Cyanotype In-Camera Imaging - Part 1

Back in October last year, I picked up some "Solarprint" paper from an educational supply house that was having a sale. For some weeks I thought about what to do with it, and eventually decided that the usual path of making contact prints or photograms with it was a bit too dull, and that I would build a camera and take photos with it. 

Now I am by no means the first person to do this - although the idea of producing cyanotype camera negatives is surprisingly recent. As far as I can tell, the first person to do it was photographer, John Beaver, in 1999 - over 150 years after the development of the chemistry! More recently, blogger Nag on the Lake published a how-to for cardboard cameras in 2019. Meanwhile, Ray Christopher has been experimenting with using cyanotype paper as a medium-format negative.

The cyanotype process chemistry is rather unusual in that is not particularly sensitive to visible light. It is most sensitive to UVA down to the visible spectrum. One of the side effects of this is that it does not 'see' the same way we do. It also means that many modern photographic lenses cannot be used, as they are coated to block UVA/B light. 

Older photographic lenses are not UV coated. Rolleicord V, f/2.8 50 minutes, 9AM.

So, armed with a how-to from Nag on the Lake, I set to work.

Using a lens assembly from a TV projector that a friend had salvaged and given to me some years earlier, I assembled my first home-brew camera:


Almost immediately several problems came to light. First off, the Solarprint paper has a matting on it, so every image has a texture that is particularly noticeable. Second, the projection lens, whilst very bright, introduced all sorts of distortions, and was particularly hard to get a focal plane from.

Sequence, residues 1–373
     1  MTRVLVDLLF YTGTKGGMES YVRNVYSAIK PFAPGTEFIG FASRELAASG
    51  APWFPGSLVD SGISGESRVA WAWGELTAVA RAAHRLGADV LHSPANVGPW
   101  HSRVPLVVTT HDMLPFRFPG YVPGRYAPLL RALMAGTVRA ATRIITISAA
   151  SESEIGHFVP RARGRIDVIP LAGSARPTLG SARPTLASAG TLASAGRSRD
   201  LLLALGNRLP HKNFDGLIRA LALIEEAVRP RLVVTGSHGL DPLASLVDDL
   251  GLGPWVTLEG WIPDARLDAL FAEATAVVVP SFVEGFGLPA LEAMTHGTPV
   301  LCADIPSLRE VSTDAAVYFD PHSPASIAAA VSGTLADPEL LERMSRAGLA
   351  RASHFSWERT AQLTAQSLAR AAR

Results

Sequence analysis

1 hour exposure, projector lens.

1 hour, f/1.5 38mm, cropped 25% 'Solarprint' paper, showing the matting pattern.

Some further research and experimentation followed - first with an A4 Fresnel lens, and then a 90mm magnifying glass. Both of these proved to be remarkably unsatisfactory. I also had some unassembled  Google Cardboard VR headsets laying around, and so I built another camera using the lenses from that - initially as a rough stereopair, and then as a single lens. This little 25mm lens proved to be much more useful than the larger lenses had been. What was going on?

 The answer lies in the Inverse-Square Law, and exactly what an 'f-number' is. Both the Fresnel and the 90mm lenses have quite long focal lengths - some 350mm for the 90mm magnifying glass. This gives an f-number of nearly 4 - an f/4 lens. The little 25mm lens from the headset kit has a focal length of only 38mm - an f-number of around 1.5. This means it produces an image nearly eight times brighter than the 90mm lens.

1 hour exposure, 25mm f/1.5, 9am start.

For cyanotype photography, this is a critical point - as the extremely slow nature of the chemistry requires very long exposures - an hour is a typical minimum around midday in summer in Perth Australia to get a strong exposure.